COLL COL COLLAPSING LATRINE PITS
Problem Problem Unstable soils Reality Two of the most common reasons for not building latrines are collapsing soil and high water-tables, often in combination with each other. Solutions For unstable soils the following measures can be taken: • Use round pits • Introduce pit linings • Reduce pit dimensions
1. 1. Round pits
In areas where there is a tradition of building latrines the population have already discovered that round pits are more stable than rectangular ones. In Malawi, for example, where the soil is generally stable, the population as a rule dig rectangular pits. An exception is at the lake shore where pits, as a rule, are round because the sandy soil is less stable. The same is true in Mozambique: in the areas along the coast, the round pit is the only shape you will find, whereas inland people dig rectangular pits. You will find the same phenomenon in most places in Eastern and Southern Africa. When asking why this is the case, few people refer to soil stability, but instead give tradition as a reason. In areas with mixed soil conditions, where the soil is less stable, there are often no latrines. It may be tempting to propose round pits for all situations as strength is an advantage and the cost seems to be the same. Covering a narrow rectangular pit is, however, simpler, especially if the availability of long, strong logs is a problem. The same kind of logic also works for latrine slabs of concrete. Round slabs are generally cast on-site, while rectangular slabs can easily be segmented and transported in pieces.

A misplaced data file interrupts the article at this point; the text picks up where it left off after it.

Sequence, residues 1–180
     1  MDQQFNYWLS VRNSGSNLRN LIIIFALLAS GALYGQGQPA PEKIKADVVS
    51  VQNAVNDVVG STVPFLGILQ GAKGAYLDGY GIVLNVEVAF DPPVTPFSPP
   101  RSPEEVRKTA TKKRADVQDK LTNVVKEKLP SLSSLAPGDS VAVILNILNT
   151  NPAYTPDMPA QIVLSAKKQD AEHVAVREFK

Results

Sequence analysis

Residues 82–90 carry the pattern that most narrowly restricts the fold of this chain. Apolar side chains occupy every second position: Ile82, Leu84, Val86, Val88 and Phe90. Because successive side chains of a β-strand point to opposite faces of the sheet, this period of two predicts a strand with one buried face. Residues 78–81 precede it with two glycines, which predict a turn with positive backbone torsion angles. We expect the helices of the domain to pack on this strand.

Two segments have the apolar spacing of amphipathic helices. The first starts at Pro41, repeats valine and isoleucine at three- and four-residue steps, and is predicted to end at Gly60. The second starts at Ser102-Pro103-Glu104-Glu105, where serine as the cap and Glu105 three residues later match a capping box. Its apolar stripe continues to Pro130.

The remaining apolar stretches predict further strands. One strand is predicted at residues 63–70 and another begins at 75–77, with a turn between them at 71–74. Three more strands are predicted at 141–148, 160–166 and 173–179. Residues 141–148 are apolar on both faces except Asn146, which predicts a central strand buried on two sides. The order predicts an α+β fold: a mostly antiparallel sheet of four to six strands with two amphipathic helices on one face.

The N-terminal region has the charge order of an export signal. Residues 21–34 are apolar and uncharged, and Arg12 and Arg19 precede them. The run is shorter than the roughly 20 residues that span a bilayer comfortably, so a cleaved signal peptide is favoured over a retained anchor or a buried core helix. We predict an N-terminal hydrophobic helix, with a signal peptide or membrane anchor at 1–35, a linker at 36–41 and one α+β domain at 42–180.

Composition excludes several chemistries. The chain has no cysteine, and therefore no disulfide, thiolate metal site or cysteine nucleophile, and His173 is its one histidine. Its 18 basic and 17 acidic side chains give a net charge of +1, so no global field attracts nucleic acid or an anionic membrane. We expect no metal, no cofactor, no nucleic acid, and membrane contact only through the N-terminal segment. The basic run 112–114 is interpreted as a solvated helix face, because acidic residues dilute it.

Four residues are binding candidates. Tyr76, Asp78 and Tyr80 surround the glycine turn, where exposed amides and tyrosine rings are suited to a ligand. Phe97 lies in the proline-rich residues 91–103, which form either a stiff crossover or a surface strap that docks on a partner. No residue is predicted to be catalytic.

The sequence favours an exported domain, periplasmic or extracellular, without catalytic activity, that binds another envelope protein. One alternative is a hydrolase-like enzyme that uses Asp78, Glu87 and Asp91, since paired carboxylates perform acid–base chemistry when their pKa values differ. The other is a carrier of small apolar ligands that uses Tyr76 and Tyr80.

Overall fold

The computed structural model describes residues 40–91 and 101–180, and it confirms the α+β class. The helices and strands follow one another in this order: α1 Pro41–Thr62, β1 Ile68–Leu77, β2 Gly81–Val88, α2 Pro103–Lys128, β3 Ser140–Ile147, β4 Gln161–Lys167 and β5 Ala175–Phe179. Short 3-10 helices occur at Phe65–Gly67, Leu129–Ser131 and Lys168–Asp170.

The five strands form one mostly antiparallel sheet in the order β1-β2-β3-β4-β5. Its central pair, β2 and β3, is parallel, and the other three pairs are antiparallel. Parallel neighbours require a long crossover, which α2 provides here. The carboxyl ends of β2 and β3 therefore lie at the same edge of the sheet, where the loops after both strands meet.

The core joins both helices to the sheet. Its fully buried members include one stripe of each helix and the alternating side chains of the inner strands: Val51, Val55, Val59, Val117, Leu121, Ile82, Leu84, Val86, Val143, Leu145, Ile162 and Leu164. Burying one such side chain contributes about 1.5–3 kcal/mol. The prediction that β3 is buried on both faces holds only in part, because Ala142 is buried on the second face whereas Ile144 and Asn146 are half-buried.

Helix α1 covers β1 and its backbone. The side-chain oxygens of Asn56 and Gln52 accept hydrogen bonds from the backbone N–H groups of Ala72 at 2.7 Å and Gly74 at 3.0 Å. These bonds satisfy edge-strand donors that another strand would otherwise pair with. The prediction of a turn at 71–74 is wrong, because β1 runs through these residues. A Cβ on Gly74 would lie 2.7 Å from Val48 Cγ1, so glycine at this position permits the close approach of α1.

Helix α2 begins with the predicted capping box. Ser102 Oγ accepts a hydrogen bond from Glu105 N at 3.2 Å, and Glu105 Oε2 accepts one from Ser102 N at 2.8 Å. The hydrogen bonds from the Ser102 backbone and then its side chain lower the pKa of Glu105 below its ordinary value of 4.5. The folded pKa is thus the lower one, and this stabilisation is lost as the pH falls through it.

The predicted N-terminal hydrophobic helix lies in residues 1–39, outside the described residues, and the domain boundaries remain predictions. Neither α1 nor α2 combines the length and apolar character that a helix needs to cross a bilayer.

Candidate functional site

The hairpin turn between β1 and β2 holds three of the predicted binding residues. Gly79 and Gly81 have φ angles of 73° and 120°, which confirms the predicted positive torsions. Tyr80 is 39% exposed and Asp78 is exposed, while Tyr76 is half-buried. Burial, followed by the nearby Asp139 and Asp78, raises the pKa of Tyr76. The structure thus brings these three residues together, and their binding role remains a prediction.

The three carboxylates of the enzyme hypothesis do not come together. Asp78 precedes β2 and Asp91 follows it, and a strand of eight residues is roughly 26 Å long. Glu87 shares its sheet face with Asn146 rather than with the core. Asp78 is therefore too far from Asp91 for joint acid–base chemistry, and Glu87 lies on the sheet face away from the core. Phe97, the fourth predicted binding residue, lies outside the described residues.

2. 2. Introduce pit linings
Round pit linings are very stable and can be made relatively cheaply, while rectangular pit linings are structurally unsound and need to be made with strong building materials. Pit linings should therefore normally be made round. The material used will depend on what is available and affordable. Lining with burnt bricks Burnt bricks, when available and affordable, are very good for pitlining. Cement or mud mortar in horizontal joints are recommended as the bricks may break under the load of the slab and the superstructure.
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Collapsing latrine pits